Modestly-clad people can still be appealing.  In fact, they don't even have to be perfectly proportioned or conventionally beautiful.  It would be refreshing to see fantasy art depicting women of plain looks, decked out for adventure, in dynamic poses, with looks of curiosity or mischief or heroic determination on their faces.  That's it's own kind of allure, and often superior to traditional beauty.  (Men too, for that matter, although males who lack Matinee Idol looks are a lot more common in fantasy art than less than gorgeous women, in my experience.)

I apply the same standard to male sexuality as to female when it comes to fantasy art.  A male subject with wildly exaggerated muscles or wearing a plate and mail thong earns an eye-roll every bit as hard as anti-gravity breasts in an iron bikini.  If he's realistically proportioned and his nudity fits with a larger story told by the picture, then it's all good.


Sunday, February 15, 2015

Dead simple B/X skills

While I strongly prefer the ease of a class and level system of character development over a skill-based one, there are times when a player rightly expects that something in the character's background should apply to a task or problem in an adventure.  Here's a quick and dirty system that has roots in an already existing B/X rule.

Whatever the character did before he or she became an adventurer is his or her skill set.  The default assumption is that the PC possesses these skills at an apprentice level.  In game terms, this means that the PC has a 2 in 6 chance to succeed at tasks related to these skills - in exactly the same way that a dwarf character has a 2 in 6 chance to detect certain features of mines and caves, because all dwarves are taught basic mining skills.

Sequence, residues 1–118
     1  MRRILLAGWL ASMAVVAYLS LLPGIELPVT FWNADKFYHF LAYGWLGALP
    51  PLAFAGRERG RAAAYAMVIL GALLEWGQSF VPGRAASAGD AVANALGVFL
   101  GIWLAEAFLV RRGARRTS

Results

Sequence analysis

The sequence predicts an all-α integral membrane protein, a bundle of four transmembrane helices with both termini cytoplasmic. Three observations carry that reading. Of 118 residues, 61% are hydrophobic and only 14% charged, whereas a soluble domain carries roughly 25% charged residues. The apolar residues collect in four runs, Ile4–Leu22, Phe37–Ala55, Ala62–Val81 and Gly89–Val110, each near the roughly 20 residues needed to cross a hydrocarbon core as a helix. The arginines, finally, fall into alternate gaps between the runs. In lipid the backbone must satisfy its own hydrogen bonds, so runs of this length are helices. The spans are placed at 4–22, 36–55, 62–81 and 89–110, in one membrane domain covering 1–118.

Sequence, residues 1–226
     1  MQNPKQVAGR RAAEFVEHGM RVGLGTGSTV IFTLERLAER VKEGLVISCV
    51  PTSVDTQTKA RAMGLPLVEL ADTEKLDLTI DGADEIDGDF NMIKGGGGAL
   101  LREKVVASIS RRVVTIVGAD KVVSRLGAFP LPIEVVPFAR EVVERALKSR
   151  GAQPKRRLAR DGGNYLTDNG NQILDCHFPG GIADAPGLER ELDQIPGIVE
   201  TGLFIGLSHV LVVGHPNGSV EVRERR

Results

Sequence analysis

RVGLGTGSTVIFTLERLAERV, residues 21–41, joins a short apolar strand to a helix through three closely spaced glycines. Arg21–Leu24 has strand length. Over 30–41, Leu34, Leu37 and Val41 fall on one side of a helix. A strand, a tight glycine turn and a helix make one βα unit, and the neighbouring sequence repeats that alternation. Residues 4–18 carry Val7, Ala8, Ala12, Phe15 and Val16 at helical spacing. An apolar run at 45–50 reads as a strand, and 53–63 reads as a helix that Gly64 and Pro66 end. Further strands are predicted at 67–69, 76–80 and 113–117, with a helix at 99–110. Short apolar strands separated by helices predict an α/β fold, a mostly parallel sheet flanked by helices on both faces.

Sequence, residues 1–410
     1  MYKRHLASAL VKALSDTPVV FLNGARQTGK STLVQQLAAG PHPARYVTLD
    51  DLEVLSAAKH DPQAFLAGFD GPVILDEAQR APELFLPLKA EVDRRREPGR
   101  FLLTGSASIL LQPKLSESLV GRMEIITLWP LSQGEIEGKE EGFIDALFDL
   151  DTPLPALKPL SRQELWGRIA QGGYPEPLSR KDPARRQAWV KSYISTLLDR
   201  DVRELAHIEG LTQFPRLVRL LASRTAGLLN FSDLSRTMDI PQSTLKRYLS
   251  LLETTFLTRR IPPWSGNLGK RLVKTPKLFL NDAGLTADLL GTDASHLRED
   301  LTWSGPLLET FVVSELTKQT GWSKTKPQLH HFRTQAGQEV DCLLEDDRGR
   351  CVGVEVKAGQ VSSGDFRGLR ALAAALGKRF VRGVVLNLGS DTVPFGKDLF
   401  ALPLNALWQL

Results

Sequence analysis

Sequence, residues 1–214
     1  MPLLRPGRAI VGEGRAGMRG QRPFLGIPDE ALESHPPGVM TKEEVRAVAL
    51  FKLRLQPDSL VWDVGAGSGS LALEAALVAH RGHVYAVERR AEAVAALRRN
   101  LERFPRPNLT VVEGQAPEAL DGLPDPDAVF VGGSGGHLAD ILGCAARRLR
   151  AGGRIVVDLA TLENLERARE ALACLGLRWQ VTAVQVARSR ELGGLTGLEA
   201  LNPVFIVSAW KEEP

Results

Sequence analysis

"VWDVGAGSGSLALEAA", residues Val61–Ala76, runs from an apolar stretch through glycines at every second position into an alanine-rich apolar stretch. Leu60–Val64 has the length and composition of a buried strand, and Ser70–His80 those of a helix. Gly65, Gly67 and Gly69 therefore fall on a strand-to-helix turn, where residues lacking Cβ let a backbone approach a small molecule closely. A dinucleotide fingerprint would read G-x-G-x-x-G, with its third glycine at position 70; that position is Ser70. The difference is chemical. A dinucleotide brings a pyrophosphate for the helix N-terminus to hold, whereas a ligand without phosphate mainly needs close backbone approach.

This chance is for things that, in the judgment of the DM, are so difficult that an ordinary layperson would have little hope of success.  In the interest of not discouraging players from attempting actions simply because their characters don't have a particular skill, the layperson should succeed on a roll of 1 on 1d6.)  A mere apprentice isn't a sure thing, either, but he's still twice as good as the layperson.

Some actions may be so basic that even a person with no special training can succeed without much difficulty.  For example, a character with a background as a pearl diver might be a better swimmer than everyone else in the party, but anyone ought to be able to swim unencumbered in a calm lake without need of a die roll.  On the other hand, maybe the DM deems retrieving an object from 30 feet of water in choppy seas to be a difficult task.  Any character may attempt it, but the pearl diver has the best chance of success.

If an obstacle or task would ordinarily require a roll which affords an unskilled character a good chance of success, then the DM may rule that a character with the relevant expertise succeeds automatically.  For example, if the dive above allowed a 3 in 6 chance for any fool to succeed, then the pearl diver might succeed without a roll - it's routine stuff for him.

Very rarely, if ever, should a d6 skill roll determine a character's death or survival.  In the example above of the dive, either the character succeeds or comes up gasping for air, having failed to retrieve the item.  Of course, other things could happen while the character is underwater - a shark could attack, or he could get his foot trapped in a giant clam - but a failed skill roll, in and of itself, should rarely be lethal, and then only with advance warning from the DM that the task is so hazardous.